Having reached the point where any development from Burning Man provokes a media storm (we’re just a few years away from “Larry Harvey sneezes, stock market slides”), I can’t help but wonder: what is the Burning Man shaped hole in the western psyche?
That might not make any sense. I apologize. It’s dark out all the time now, which adds a lazy, self-indulgent, streak to my writing. Like this paragraph. Completely unnecessary. Yet here we are. I know better. Ah well. What’re ya gonna do? To fix this I’d have to edit the first paragraph, and who has that kind of energy?
Let me explain, in a drawn-out, round-about, kind of way, what I’m asking. Those of you who aren’t charmed by unnecessary digressions might want to skip to this article about sex in the U.S. Senate. Salaciously speaking, that’s the high point of this post. I’m not going to mention fellating a U.S. Senator again.
In his magisterial new book “Anti-Judiasm,” historian David Nirenberg traces … not exactly the “history” of anti-Semitism, but the various shapes it has taken over the last 3,000 years. What he demonstrates is not just that a lot of people have hated Jews for a lot of stupid reasons, but that the justification for the hatred has often taken the shape of whatever was supposed to be wrong with Western culture at the time.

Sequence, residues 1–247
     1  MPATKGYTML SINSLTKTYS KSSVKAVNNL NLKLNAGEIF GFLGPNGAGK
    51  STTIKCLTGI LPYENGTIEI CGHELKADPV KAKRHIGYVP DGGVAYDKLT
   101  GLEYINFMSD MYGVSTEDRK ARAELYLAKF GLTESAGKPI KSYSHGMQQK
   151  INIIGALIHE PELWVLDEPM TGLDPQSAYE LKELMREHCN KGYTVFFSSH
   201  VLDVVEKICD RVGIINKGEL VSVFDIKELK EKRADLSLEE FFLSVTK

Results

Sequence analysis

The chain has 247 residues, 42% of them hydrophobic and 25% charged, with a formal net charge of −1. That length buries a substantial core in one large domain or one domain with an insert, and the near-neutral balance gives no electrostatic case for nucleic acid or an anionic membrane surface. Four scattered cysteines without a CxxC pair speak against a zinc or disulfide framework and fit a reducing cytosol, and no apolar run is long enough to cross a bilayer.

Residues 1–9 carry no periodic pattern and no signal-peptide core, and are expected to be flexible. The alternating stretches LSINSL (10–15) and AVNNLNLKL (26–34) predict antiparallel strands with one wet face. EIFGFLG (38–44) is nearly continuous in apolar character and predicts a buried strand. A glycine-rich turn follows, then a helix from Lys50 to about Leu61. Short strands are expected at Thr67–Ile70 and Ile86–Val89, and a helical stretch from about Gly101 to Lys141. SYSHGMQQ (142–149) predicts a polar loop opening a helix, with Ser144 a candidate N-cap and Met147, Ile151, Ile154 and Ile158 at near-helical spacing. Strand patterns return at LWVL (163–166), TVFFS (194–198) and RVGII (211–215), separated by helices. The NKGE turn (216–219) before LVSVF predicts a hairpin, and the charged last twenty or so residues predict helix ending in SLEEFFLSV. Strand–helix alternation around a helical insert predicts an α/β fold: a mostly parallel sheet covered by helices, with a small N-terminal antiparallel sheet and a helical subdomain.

When medieval theologians wanted to condemn their rivals as being too literally minded, they said they were repeating the mistake of the Jews, whose problem was that they couldn’t see the truth behind the rules. When both kings and rebels wanted to condemn their enemies as greedy and malicious, they said they were just like the Jews – whose problem wasn’t theological at all, just greed. When Shakespeare wanted to critique capitalism, he made its ambassador a Jew, whose problem (like capitalism’s) is that he put all his considerable brilliance in the service of his lesser urges; yet when the German idealists wanted to criticize their opponents, they “Judiazed” them, because the problem with the Jews had been their lack of critical reasoning skills.
“(I)maginary Jews have served—and still serve—an extraordinary range of purposes. Like the topics of ancient rhetoric or the harmony of the spheres, they have played a whole series of central roles in the drama of Western culture … Over the centuries, imaginary Jews have found their places, sometimes vital ones, in some of the loftiest intellectual edifices ever raised. Surprisingly often they have been the caryatids: the pillars on which everything else rests.”
The inescapable conclusion is that Jews have been the short-hand in the western psyche for whatever it is we see as pathological about our own culture. Whenever we’ve wanted to point out what is rotten at our own core, someone has been ready to explain how the Jews exemplify it. For whatever reasons, the shape they’ve historically occupied in the Western psyche is “the rot within” – whatever that may be.